Food And Filling Prevention: My Latest Sources of Mummy Guilt

Mummy-guilt trip to Waitrose!

Mummy-guilt trip to Waitrose!

Today I have been obsessing about food and tooth decay. I found out recently that my three-year-old son has cavities. I was horrified. He loves his sweets and juice and though we minimise his intake of both, he is also a fussy eater and so has many other bad-teeth foods like dried fruit and toast with jam.

Probably as a result of latent anxiety, which seems to be the latest phase of medication side effects (or just my natural state), when I saw the hole in my son’s tooth this morning it tipped me over the edge. Even though I later allowed him to eat a muffin (and don’t get me started on the guilt I felt when I saw the 11 lines of ingredients, most of which were unpronounceable) and some crisps.

So while he slept this afternoon I spent an hour on Google. It didn’t improve my anxiety; quite the opposite. Because it turns out that grain-based foods are bad for teeth too. And my fussy child only eats breakfast cereal, sandwiches, toast and pasta. All wheat. (Also all full of salt – and a news report I heard this morning bemoaned how much salt kids eat – is there no end to my parenting fails?).

My sister has started following a Paleo diet (a diet that seeks to recreate the foods our ancestors would have eaten – meat and veg – while eschewing grains, potatoes, dairy, refined sugar and processed foods). She’s the foodie in the family. I hate cooking, I hate thinking about food and I’m rubbish at anything that requires hardship and excessive thinking. A diet without grains falls into all those camps, especially when pancakes and pasta are key elements of happy parenting for me. I have got lazy recently, feeding particularly my son the things I know he’ll eat, like spaghetti bolognaise and cheese sandwiches. I thought as long as he had a few fruit pouches, plenty of milk and some rice cakes, he was getting an okay diet (he gets great food at nursery and eats better for strangers).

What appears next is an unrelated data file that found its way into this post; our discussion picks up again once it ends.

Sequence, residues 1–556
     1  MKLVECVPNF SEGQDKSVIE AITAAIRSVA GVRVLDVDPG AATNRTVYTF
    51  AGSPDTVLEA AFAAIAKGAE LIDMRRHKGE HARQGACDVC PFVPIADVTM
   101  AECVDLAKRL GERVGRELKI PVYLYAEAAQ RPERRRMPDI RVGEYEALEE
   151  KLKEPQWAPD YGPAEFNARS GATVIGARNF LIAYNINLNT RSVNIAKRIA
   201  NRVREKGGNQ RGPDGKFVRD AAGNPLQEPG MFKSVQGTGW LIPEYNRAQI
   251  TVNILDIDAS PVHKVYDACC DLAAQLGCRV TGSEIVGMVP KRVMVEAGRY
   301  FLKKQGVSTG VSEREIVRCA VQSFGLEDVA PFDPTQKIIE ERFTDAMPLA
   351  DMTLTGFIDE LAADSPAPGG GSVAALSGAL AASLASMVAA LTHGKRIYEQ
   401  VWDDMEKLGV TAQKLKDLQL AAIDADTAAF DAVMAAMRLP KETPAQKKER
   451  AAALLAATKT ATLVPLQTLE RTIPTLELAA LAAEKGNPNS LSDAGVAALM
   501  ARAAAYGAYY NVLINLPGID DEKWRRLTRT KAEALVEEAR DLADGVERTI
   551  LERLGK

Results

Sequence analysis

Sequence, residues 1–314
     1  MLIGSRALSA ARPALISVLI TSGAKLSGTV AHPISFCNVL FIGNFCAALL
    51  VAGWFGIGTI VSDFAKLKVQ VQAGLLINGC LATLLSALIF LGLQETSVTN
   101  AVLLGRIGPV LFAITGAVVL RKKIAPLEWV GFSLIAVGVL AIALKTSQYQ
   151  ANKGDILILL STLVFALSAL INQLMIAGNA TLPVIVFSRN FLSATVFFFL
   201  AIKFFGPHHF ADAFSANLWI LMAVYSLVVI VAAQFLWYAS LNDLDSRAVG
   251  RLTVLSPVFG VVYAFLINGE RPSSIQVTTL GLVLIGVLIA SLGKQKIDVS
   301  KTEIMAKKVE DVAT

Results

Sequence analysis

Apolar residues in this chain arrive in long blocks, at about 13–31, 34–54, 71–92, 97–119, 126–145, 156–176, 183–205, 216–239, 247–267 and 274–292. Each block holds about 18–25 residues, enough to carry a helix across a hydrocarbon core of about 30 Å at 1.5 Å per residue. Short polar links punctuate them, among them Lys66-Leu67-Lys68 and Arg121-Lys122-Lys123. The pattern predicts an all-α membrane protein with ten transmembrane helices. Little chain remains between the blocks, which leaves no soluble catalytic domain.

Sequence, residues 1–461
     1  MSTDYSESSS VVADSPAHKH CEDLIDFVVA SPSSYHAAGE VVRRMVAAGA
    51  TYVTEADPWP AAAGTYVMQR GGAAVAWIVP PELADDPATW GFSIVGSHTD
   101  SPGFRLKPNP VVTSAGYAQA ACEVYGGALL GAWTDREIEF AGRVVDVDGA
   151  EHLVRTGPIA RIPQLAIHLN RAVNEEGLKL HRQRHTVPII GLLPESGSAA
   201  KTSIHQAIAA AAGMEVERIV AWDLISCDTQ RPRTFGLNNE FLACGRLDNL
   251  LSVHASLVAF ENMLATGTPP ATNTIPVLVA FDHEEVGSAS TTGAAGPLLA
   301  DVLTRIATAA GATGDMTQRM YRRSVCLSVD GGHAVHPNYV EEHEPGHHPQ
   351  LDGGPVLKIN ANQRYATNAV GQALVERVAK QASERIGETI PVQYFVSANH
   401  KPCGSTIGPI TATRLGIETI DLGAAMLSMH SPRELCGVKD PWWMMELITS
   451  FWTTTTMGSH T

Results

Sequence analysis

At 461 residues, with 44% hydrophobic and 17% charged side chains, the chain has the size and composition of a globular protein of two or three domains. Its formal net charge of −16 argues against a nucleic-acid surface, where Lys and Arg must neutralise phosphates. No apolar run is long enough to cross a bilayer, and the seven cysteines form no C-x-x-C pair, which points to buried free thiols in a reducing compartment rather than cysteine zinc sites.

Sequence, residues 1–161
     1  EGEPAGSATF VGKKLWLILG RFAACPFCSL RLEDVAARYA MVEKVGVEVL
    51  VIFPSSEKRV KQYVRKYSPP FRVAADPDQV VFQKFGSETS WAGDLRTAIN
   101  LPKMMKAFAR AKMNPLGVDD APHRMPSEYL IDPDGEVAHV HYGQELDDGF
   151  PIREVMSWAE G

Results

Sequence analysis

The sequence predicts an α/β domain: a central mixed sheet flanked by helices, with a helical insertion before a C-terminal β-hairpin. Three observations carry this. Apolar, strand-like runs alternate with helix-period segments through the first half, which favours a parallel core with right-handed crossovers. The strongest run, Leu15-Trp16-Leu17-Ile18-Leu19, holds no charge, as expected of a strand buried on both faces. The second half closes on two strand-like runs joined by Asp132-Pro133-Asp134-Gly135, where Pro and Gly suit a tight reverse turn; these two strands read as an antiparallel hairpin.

But while I figured he would outgrow his fussiness, I hadn’t factored in his teeth issues. And now all my laissez-faire parenting, my not insisting on fresh fruit and vegetables and fish in the hope that – like his sister – he’d come to all the things in his own time, seems to have backfired. Because apparently nutrition can affect teeth. Obviously I knew that calcium was important, but both my kids drink buckets of milk. I didn’t really think about all the other vitamins, like A and D and the Omega fats. My daughter doesn’t like cow’s milk so she has powder milk – fortified with vitamins – as well as happily eating fish and meat. Is it coincidence that her teeth are fine?

Anyway, I won’t try and unravel all the sources of information I ploughed through today. I came away with one relatively-easy solution: cod liver oil, with one concern – vitamin A overdose. I didn’t come to a happy resolution, but I did decide that cod liver oil might be good for all of us (particularly hubbie’s bad back and my dodgy knees). I also decided that if I can’t banish grains from our diet, I might be able to widen them away from just wheat. A bit more maize and rice. Cornflakes (also nicely lower in sugar than most of our current breakfast cereals), rice cakes, some minestrone soup. Baby steps. And eggs, eggs are meant to be good. I used to cook lots of scrambled egg, until my son refused to eat it. He might just have to learn to eat what he’s given or lump it!

Conscientious parenting: so full of pitfalls it should come with a health warning.